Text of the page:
Well it was that time again, time for the Wines of Chile Blogger tasting. This being the 8th virtual tasting they’ve held, it was mixed up a bit, with us receiving a mix of 12 wines as opposed to the usual 8, and our host, Master SommelierÂ Fred Dexheimer being in Santiago, Chile himself as opposed to New York. We were all jealous.
Instead of focusing on one or two varietals as these tastings typically do, it was focused more on the regions and the grapes that were produced there. Because of that we had 4 different types of wine to sample – 3 each of Sauvignon Blanc, Pinot Noir, Carmenere, and Cabernet Sauvignon.
So, how did the tasting go? Let’s break it down by each grape and take a look.
The Sauvignon Blanc portion of the tasting started off with the 2012 Vina Casablanca Nimbus ($13 SRP). The wine was light and crisp, with aromas of citrus and grassiness and flavors of citrus with subtle mineral notes and a bit of green pepper. Would be a great one to pair with some ceviche.
Next was the 2011 San Pedro 1865 Single Vineyard ($19 SRP), with aromas of asparagus and a bit of jalapeno and flavors of jalapeno and a bit of heat. This was a stark departure from the Nimbus and really what I expect from Sauvignon Blanc in general, especially from Chile, which is part of why I like these tastings.
The final Sauvignon Blanc was the 2011 Casa Silva Cool Coast ($19 SRP), which is one that I’ve had before. Aromas of lime and minerality with flavors of lime and the same mineral that I picked up on the nose and a touch of effervescence.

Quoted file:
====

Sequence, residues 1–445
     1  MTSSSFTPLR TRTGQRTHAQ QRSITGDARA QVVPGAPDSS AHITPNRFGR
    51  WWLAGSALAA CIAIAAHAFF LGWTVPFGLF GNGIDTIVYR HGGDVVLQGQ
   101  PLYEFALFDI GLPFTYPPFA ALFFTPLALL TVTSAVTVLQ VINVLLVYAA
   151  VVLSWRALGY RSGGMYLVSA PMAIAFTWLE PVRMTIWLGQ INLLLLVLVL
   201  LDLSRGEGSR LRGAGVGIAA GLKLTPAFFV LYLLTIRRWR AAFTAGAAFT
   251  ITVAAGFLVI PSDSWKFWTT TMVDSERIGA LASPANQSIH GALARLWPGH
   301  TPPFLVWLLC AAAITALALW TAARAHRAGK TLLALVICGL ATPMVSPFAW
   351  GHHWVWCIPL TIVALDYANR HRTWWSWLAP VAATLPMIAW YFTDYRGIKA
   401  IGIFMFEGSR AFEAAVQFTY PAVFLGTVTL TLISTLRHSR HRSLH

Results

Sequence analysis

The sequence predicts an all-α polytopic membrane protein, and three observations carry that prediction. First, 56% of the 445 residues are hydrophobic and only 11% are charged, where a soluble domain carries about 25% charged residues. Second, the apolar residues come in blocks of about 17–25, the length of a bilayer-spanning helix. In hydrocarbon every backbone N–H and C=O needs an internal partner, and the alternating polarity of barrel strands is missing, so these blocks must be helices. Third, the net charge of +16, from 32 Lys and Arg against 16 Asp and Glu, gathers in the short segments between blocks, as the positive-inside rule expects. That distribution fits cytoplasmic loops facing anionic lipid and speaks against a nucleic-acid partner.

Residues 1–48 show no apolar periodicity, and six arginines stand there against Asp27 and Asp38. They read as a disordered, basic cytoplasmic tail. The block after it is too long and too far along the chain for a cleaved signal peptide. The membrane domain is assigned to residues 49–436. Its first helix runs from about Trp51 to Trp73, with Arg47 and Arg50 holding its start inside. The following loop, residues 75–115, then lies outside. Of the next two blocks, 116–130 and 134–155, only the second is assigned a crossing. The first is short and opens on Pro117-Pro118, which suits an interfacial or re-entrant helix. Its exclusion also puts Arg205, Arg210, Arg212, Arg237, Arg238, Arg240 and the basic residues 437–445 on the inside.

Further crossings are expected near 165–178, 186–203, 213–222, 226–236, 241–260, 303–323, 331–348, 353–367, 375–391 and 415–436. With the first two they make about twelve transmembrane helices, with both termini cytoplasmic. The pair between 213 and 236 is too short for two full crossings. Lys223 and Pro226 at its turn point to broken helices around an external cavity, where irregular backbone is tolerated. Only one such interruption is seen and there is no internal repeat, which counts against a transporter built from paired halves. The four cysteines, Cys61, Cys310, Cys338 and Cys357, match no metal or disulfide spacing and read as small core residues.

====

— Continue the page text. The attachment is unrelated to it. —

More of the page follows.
The favorite of the Sauvignon Blancs was the Nimbus, followed by the Cool Coast and the San Pedro last. The 1865 was definitely more of a food wine, with the first and third options being well suited to warm days on the deck as a sipper.
The Pinot Noirs started with the 2010 Emilliana Novas ($19 SRP), which featured great floral and red berry aromas with just a hint of smoke, and flavors of red berry and a bit of soft oak. It was a nice balanced wine and would be a perfect pizza wine, especially at such a good value.
Next was the 2009 Cono Sur 20 Barrels ($32 SRP) with aromas of berry, cocoa, and leather and flavors of soft red fruit, strawberry, some leather and a bit of cola. It was a soft wine with some brightness in the mouth. Cono Sur tends to impress at these tastings and this was no exception.
The final one was the 2009 Morande Gran Reserva ($18 SRP) with aromas of violets and very ripe strawberry that reminded me of a California Cabernet Franc as much as anything, and flavors of intense, sweet fruit with white pepper and an almost jammy note. In a blind tasting I don’t know that I wouldn’t pick this as a California Cab Franc as opposed to a Chilean Pinot Noir.
My favorite of the Pinots was the Novas, followed by the Cono Sur and the Morande last. While sharing these wines with friends on Saturday the Novas was quickly consumed before everybody even had a chance to arrive and taste it, so it was clearly popular.